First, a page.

Mark E. Manyin
Asian affairs specialist, U.S. Congressional Research Service
Mark E. Manyin is a specialist in Asian Affairs at the Congressional Research Service (CRS), a non-partisan agency that provides information and analysis to members of the U.S. Congress and their staff. At CRS, Dr. Manyin's general area of expertise is U.S. foreign economic policy toward East Asia, particularly Japan, the two Koreas, and Vietnam. From 2006 to 2008, he served as the head of the CRS' 11-person Asia Section, overseeing the Service's research on East, Southeast, and South Asia as well as Australasia and the Pacific Islands. Prior to joining CRS in 1999, Dr. Manyin completed his PhD in Japanese trade policy and negotiating behavior at the Fletcher School of Law and Diplomacy. He is a former CFR term member.
During his fellowship tenure, Dr. Manyin will examine Japan-South Korea relations as a case study of the foreign policy of the Democratic Party of Japan (DPJ). The DPJ sees deepening economic integration and diplomatic engagement with South Korea as a key component of its goal of expanding Japan's engagement with Asia. However, the Hatoyama government faces several domestic and international challenges in upgrading Japan-South Korean relations. Its response to these difficulties will reveal much about the intentions, character, and capabilities of the DPJ.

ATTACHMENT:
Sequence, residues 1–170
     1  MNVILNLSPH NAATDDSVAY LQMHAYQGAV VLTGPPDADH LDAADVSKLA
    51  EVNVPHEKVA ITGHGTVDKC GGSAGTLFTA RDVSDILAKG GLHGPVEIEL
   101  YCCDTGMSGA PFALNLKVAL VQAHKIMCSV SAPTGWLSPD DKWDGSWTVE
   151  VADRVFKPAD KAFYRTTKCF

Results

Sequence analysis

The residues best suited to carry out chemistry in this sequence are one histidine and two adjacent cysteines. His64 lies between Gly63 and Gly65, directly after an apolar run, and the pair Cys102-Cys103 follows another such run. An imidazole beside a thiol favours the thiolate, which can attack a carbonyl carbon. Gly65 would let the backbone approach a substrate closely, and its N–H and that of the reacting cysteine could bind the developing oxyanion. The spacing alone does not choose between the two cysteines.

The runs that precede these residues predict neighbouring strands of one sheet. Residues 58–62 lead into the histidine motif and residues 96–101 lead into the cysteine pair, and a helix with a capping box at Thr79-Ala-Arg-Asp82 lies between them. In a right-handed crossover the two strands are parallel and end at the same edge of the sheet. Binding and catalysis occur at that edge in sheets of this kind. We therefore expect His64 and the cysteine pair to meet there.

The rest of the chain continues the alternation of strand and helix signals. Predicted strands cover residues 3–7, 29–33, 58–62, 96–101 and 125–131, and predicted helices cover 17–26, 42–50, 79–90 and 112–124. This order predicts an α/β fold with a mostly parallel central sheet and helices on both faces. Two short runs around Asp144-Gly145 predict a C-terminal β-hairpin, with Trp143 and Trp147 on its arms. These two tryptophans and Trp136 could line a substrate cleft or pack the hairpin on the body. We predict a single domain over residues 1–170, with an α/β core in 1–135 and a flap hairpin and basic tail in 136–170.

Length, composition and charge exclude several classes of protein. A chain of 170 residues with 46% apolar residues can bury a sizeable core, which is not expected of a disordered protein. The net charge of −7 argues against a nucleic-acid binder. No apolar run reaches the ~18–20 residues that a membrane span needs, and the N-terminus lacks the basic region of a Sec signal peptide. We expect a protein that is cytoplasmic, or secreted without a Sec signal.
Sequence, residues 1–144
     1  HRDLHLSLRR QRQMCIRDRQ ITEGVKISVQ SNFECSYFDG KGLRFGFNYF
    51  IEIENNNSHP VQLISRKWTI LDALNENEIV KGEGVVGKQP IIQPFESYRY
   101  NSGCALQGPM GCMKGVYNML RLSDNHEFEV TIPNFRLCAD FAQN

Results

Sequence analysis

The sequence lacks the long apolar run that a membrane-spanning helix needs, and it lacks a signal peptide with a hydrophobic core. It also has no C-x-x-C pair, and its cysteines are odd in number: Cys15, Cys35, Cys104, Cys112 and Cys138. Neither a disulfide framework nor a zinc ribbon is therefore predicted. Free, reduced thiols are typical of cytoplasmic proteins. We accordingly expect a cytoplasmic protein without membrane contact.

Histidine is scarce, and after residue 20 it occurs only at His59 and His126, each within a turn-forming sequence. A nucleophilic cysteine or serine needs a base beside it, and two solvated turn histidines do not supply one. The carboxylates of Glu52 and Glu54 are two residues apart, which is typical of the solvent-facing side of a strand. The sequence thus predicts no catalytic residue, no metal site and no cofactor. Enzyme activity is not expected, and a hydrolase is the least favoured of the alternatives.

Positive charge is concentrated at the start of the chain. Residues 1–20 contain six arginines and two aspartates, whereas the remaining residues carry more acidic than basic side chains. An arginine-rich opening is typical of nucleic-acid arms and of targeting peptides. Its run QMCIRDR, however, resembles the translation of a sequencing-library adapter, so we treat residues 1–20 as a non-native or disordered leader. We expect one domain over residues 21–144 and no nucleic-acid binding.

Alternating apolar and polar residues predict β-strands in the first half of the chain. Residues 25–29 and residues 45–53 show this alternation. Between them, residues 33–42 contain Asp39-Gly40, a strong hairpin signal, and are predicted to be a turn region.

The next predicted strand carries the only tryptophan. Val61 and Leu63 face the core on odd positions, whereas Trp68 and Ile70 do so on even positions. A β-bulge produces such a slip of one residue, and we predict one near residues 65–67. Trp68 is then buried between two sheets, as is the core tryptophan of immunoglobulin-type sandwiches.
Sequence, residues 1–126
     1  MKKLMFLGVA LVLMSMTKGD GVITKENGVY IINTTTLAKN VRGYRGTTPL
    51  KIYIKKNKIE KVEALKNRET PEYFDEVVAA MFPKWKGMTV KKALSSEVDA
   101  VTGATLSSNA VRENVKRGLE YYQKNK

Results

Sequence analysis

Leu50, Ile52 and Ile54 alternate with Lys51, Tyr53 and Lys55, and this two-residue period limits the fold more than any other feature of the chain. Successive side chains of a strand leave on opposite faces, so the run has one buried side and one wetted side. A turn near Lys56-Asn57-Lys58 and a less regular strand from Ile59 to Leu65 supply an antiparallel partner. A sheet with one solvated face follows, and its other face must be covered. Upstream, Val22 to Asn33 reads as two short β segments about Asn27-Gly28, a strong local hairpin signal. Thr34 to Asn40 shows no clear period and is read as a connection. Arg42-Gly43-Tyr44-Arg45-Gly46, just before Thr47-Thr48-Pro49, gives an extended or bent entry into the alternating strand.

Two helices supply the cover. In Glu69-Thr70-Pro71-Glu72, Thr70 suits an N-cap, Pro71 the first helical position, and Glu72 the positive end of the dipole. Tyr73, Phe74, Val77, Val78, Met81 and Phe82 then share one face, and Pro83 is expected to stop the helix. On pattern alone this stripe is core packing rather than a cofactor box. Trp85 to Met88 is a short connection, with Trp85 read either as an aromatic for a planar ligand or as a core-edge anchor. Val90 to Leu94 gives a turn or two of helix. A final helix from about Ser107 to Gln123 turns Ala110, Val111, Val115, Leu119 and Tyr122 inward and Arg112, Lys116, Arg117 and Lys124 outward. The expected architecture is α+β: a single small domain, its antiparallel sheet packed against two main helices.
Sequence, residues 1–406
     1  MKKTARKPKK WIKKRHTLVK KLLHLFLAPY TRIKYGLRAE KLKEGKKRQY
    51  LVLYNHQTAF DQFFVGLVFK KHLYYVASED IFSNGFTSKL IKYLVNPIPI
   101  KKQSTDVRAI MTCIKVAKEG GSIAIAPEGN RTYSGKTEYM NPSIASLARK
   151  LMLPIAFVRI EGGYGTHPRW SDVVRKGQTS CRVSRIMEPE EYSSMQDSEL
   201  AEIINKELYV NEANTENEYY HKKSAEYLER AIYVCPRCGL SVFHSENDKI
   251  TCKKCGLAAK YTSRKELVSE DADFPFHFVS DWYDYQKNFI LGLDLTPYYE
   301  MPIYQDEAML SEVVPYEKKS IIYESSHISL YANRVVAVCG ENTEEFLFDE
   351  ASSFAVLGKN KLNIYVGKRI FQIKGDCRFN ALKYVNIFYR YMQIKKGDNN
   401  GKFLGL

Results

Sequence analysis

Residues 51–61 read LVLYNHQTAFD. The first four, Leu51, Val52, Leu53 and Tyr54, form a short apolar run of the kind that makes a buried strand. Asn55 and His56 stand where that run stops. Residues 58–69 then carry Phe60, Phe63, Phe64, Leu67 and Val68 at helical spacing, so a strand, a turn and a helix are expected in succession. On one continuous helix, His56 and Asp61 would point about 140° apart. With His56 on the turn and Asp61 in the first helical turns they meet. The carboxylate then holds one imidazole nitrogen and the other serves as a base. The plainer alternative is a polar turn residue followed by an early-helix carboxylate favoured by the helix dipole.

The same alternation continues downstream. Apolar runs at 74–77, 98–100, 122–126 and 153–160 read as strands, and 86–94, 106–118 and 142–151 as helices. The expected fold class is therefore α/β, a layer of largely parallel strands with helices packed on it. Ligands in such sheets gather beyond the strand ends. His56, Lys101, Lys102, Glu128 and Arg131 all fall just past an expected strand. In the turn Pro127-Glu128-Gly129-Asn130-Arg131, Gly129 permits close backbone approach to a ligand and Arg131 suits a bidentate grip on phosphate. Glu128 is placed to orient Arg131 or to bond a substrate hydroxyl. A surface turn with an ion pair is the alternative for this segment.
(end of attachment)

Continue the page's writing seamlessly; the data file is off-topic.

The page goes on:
Fifty years after the establishment of official diplomatic relations between Japan and South Korea, continued animosity between the United States’ two Northeast Asian allies remains a problem for Washington, hampering its ability to deal with the challenges posed by North Korea, China, and a host of nontraditional security threats. Mark E. Manyin argues that, for the United States, the costs of nonintervention are rising.
See more in South Korea; Japan; Diplomacy and Statecraft
North Korea's agreement to freeze nuclear activities and allow in inspectors, while stirring hopes, echoes past deals that have failed to initiate a sustained denuclearization program, says expert Mark E. Manyin.
See more in North Korea; Proliferation